When you single trans folk out, you are saying that there is something so inherently and radically different about us that we don't even deserve to be categorized with our own gender identity.  This is cissexism.  This is transphobia.

"But what if I have like a really, really good reason?!"  I'm not saying you don't.  Of course there are reasons you might want to exclude trans folk from research, but there are some things to keep in mind, here:

1. Really ask yourself why you feel we should be excluded.

Is it because you just have a "hunch" we don't think or behave similar enough to other people in our identified gender?  You're being cissexist.  Stop it.

Are you talking about something that requires a particular body structure or functionality?  Then you just might have a valid reason for that exclusion.  Read onward.

2. Is this body structure or functionality actually limited to just cis people?

 Keep in mind that with any biological function or physical configuration you're going to have people of multiple genders sharing it.  There are men out there get ovarian cancer, there are women who get prostate cancer.  There are women who get people pregnant, there are men who get pregnant.  There are men with vaginas and women with penises.  So if you're looking for hard statistics on just that one biological fact, then there is the option of only opening the survey to people who have gone through that particular experience.  Keep in mind, also, that this might be considered more sensitive to cis folk who cannot have certain experiences (such as cis women who cannot get pregnant even though they want children).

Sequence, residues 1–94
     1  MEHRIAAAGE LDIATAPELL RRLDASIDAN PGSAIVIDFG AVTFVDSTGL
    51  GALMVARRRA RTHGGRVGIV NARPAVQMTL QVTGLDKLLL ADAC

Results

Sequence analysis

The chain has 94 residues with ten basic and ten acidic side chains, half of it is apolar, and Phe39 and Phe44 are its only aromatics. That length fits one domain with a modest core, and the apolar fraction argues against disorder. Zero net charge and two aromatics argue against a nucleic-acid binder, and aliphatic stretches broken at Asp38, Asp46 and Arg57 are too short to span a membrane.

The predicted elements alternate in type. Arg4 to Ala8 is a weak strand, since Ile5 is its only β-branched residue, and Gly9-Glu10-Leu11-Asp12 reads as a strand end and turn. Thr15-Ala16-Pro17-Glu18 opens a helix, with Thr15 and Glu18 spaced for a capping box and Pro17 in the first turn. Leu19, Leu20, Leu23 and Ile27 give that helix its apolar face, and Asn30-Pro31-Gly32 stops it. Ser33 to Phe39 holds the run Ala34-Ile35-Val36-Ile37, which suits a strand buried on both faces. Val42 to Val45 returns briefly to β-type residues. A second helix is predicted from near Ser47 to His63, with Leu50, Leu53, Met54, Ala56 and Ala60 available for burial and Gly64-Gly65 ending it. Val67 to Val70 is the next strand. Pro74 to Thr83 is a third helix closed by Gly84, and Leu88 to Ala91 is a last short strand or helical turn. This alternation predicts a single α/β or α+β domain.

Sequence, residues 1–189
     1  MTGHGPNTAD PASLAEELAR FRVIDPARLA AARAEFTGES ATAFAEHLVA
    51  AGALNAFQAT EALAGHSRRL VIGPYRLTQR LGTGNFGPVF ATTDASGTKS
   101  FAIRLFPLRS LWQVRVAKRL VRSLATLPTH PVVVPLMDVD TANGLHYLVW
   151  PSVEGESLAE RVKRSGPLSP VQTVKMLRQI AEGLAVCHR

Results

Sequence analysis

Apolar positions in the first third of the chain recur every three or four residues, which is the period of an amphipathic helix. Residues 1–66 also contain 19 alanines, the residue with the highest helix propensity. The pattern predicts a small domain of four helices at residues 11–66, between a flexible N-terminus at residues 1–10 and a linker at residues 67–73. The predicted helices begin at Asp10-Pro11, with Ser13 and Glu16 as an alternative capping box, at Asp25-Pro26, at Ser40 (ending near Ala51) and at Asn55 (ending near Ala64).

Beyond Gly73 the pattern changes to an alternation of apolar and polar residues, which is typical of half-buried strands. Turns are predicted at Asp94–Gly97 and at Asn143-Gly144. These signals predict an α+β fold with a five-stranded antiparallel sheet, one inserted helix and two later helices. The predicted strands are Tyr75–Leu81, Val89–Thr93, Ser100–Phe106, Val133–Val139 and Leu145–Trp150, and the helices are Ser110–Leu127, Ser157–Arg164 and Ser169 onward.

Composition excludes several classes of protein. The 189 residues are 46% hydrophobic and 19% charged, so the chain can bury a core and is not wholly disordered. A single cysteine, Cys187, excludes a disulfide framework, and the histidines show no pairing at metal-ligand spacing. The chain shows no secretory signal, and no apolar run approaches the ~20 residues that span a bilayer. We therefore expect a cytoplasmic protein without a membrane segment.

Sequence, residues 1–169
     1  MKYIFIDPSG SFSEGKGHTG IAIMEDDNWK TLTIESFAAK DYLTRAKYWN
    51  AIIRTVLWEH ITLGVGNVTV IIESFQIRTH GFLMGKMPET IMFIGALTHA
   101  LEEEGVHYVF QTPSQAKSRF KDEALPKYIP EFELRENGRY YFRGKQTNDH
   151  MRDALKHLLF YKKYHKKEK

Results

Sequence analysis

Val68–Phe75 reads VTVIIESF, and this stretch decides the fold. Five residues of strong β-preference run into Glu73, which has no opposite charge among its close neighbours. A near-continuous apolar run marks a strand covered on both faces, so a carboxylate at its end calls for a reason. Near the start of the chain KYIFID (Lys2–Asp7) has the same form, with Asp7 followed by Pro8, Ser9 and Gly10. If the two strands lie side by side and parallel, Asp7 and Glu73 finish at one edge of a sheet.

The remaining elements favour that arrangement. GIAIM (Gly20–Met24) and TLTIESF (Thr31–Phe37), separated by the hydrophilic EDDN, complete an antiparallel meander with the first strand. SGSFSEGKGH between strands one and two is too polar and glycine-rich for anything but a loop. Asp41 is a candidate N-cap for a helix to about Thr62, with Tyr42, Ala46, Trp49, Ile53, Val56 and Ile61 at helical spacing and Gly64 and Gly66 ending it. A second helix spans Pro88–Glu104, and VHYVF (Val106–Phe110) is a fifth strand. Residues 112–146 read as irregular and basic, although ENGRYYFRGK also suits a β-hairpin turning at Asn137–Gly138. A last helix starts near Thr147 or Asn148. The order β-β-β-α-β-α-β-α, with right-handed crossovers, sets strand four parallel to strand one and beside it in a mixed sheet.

Of course, that's not always appropriate.  Similar to what I was getting at when I wrote about trans male pregnancy a couple months ago, there is value in not over-representing trans people in some subjects.  Sometimes you want to know how just one gender relates to something.

You should still really think about whether it's actually a cis-only phenomenon or if you're just thinking that because of stereotypes.  Genital-based subjects regarding self-image, arousal, and sex acts are not cis-monopolized.  Trans women can have vaginas and vulvas.  Trans men can have penises.  If you're worried about them being surgically created... cis men and cis women may also have surgically altered or reconstructed genitals.  The issue here, again, is not "cis" and "trans."  It's more individual than that.


So that concludes part 1, and I hope I've given you some things to think about regarding trans exclusion in research.  Part 2--which is published here--will specifically deal with the way gender is expressed and tallied in surveys that are attempting to be inclusive of transgender, intersex, and gender-variant experiences and how you can improve them.